Communications of the ACM,
Vol. 64 No. 6, Pages 76-83
In May 1948, women were strikingly prominent in ACM. Founded just months earlier as the "Eastern Association for Computing Machinery," the new professional society boldly aimed to "advance the science, development, construction, and application of the new machinery for computing, reasoning, and other handling of information."36 No fewer than 27 women were ACM members, and many were leaders in the emerging field.a Among them were the pioneer programmers Jean Bartik, Ruth Lichterman, and Frances Snyder of ENIAC fame; the incomparable Grace Murray Hopper who soon energized programming languages; Florence Koons from the National Bureau of Standards and U.S. Census Bureau; and noted mathematician-programmer Ida Rhodes.26 During the war, Gertrude Blanch had organized a massive human computing effort (a mode of computation made visible in the 2016 film Hidden Figures47) and, for her later service to the US Air Force, became "one of the most well-known computer scientists and certainly the most visible woman in the field."24,25 Mina Rees, a mathematics Ph.D. like Hopper and Blanch, notably funded mathematics and computing through the Office of Naval Research (1946–1953), later serving as the first female president of the American Association for the Advancement of Science. In 1949, Rees was among the 33 women (including at least seven ACM women) who participated in an international conference at Harvard University, chairing a heavyweight session on "Recent Developments in Computing Machinery."29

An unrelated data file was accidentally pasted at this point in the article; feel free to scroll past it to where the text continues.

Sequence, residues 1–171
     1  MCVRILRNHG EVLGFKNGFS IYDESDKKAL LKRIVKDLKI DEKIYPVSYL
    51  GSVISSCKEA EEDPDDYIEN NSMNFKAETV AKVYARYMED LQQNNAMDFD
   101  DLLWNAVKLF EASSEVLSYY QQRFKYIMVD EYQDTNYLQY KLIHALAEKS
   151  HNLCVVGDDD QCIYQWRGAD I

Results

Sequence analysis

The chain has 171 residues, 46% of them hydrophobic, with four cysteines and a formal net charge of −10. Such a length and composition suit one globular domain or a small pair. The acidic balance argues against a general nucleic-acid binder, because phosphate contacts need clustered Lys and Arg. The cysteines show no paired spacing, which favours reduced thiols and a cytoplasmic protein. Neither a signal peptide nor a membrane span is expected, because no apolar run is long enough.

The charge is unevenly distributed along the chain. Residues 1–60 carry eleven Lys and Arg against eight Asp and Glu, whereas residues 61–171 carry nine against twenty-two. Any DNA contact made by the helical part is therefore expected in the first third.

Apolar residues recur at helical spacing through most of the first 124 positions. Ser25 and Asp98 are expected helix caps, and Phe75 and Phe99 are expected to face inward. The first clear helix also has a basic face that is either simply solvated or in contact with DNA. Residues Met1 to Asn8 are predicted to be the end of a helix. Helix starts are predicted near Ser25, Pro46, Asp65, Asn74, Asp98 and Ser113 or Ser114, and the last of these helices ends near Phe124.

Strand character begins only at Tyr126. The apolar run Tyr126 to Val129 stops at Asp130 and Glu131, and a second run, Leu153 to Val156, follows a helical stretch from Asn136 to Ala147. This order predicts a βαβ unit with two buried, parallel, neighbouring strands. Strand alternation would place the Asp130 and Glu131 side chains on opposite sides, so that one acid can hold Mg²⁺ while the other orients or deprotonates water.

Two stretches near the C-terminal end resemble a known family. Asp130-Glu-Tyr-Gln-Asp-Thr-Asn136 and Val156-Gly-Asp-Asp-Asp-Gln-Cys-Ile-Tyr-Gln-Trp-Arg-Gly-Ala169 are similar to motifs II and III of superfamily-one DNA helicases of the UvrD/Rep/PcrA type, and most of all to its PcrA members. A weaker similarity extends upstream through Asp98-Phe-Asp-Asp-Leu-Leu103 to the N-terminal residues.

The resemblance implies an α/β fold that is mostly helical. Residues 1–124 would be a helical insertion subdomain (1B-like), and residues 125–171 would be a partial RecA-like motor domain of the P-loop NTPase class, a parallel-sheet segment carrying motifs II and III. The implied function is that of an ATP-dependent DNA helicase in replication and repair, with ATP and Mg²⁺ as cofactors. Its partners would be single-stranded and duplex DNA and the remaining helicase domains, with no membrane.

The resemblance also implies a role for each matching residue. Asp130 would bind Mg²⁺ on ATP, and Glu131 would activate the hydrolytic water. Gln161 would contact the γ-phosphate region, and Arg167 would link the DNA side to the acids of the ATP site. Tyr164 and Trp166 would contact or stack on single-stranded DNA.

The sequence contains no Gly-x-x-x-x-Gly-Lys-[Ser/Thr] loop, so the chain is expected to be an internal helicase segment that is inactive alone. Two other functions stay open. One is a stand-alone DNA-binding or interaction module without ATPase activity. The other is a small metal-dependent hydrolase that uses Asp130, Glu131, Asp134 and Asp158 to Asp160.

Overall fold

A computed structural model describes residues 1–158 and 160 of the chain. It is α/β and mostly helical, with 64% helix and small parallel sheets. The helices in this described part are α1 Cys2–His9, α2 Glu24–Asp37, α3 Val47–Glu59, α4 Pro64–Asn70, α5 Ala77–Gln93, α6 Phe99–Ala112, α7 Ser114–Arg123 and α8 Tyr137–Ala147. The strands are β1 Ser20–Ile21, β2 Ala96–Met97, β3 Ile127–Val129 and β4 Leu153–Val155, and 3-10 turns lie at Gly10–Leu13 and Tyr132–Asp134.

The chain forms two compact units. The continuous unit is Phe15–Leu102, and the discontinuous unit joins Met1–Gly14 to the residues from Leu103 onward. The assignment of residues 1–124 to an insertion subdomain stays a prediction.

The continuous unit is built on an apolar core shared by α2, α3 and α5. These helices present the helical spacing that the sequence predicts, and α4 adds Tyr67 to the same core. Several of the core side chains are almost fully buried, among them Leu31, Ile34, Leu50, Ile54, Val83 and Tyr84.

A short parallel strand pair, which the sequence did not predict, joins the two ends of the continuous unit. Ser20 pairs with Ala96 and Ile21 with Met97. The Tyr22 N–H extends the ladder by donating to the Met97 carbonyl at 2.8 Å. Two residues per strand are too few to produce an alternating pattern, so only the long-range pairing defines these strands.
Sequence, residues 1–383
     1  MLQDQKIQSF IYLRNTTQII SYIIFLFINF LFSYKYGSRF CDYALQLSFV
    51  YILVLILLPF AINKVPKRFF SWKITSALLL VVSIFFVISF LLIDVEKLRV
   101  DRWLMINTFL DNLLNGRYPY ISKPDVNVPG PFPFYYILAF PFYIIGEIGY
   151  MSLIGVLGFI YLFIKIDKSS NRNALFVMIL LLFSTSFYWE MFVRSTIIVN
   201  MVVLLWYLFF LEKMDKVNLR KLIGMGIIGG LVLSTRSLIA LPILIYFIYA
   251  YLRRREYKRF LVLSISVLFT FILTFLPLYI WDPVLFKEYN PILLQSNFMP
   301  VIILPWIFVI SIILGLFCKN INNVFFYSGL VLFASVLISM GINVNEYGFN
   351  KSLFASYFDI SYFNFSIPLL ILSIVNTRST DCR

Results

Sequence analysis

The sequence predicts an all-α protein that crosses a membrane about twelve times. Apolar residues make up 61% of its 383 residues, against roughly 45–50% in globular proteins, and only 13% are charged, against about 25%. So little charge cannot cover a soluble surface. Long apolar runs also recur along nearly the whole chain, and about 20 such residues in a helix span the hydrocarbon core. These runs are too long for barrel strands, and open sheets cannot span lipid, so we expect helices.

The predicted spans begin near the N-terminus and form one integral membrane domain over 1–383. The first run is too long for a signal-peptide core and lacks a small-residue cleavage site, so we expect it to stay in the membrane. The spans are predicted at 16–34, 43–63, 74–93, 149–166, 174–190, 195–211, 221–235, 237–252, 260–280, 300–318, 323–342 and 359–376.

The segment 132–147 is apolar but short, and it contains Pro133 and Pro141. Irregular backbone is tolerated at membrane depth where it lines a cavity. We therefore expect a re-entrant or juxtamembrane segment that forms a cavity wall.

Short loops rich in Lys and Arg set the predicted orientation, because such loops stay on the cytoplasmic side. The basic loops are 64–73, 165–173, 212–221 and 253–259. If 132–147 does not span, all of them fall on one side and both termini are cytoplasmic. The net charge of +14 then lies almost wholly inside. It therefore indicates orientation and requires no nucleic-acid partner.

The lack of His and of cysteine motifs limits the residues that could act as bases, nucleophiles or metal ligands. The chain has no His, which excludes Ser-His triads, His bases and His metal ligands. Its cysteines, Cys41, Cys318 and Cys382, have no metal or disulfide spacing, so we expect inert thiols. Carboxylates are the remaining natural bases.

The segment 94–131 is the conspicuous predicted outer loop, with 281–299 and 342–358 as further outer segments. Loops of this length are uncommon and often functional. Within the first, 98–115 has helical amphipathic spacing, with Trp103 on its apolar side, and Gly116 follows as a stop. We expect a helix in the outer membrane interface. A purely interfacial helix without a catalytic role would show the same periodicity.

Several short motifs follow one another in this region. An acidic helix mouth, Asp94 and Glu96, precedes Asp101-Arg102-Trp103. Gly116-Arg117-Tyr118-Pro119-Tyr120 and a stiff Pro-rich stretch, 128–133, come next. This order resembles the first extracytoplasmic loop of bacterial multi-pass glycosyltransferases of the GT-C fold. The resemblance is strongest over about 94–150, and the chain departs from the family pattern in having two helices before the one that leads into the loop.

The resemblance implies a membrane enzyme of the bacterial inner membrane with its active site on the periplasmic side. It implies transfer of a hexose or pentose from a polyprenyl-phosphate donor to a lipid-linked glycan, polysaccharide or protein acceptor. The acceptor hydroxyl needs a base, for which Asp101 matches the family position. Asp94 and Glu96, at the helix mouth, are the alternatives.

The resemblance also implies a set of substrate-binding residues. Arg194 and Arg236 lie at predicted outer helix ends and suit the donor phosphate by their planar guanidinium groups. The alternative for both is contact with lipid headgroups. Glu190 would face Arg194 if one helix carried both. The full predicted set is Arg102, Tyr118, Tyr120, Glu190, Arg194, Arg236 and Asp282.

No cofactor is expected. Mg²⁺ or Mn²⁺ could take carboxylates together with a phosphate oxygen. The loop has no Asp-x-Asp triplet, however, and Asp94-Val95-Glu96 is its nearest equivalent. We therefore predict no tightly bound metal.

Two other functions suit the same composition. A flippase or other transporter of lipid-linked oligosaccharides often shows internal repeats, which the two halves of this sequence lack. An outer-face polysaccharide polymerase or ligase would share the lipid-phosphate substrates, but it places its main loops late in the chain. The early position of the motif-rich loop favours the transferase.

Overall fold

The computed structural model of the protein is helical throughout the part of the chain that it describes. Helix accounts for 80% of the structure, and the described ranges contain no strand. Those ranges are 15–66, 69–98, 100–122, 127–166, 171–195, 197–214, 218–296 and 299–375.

Their prominence has led to the widespread but inaccurate impression that women were numerically dominant in early computer programming. As one account puts it, "at its origins, computer programming was a largely feminized occupation."18,19 This view, resting on suggestive but fragmentary data, has become prominent in popular culture, scholarship, and mass media, including the Wall Street Journal and National Public Radio and the widely acclaimed 2015 documentary "Code: Debugging the Gender Gap" by Robin Hauser Reynolds.14,41 The film popularized the conjecture by some scholars that "women made up 30% to 50% of all programmers" in the 1950s or 1960s and that male programmers subsequently pushed them out. Porter writes, "By the 1960s, women made up 30% to 50% of all programmers, according to [historian] Ensmenger" (specifically citing the Robin Hauser film).46
[[The following letter and response are published on the Letters to the Editor pages of the August 2021 CACM (https://cacm.acm.org/magazines/2021/8/254319).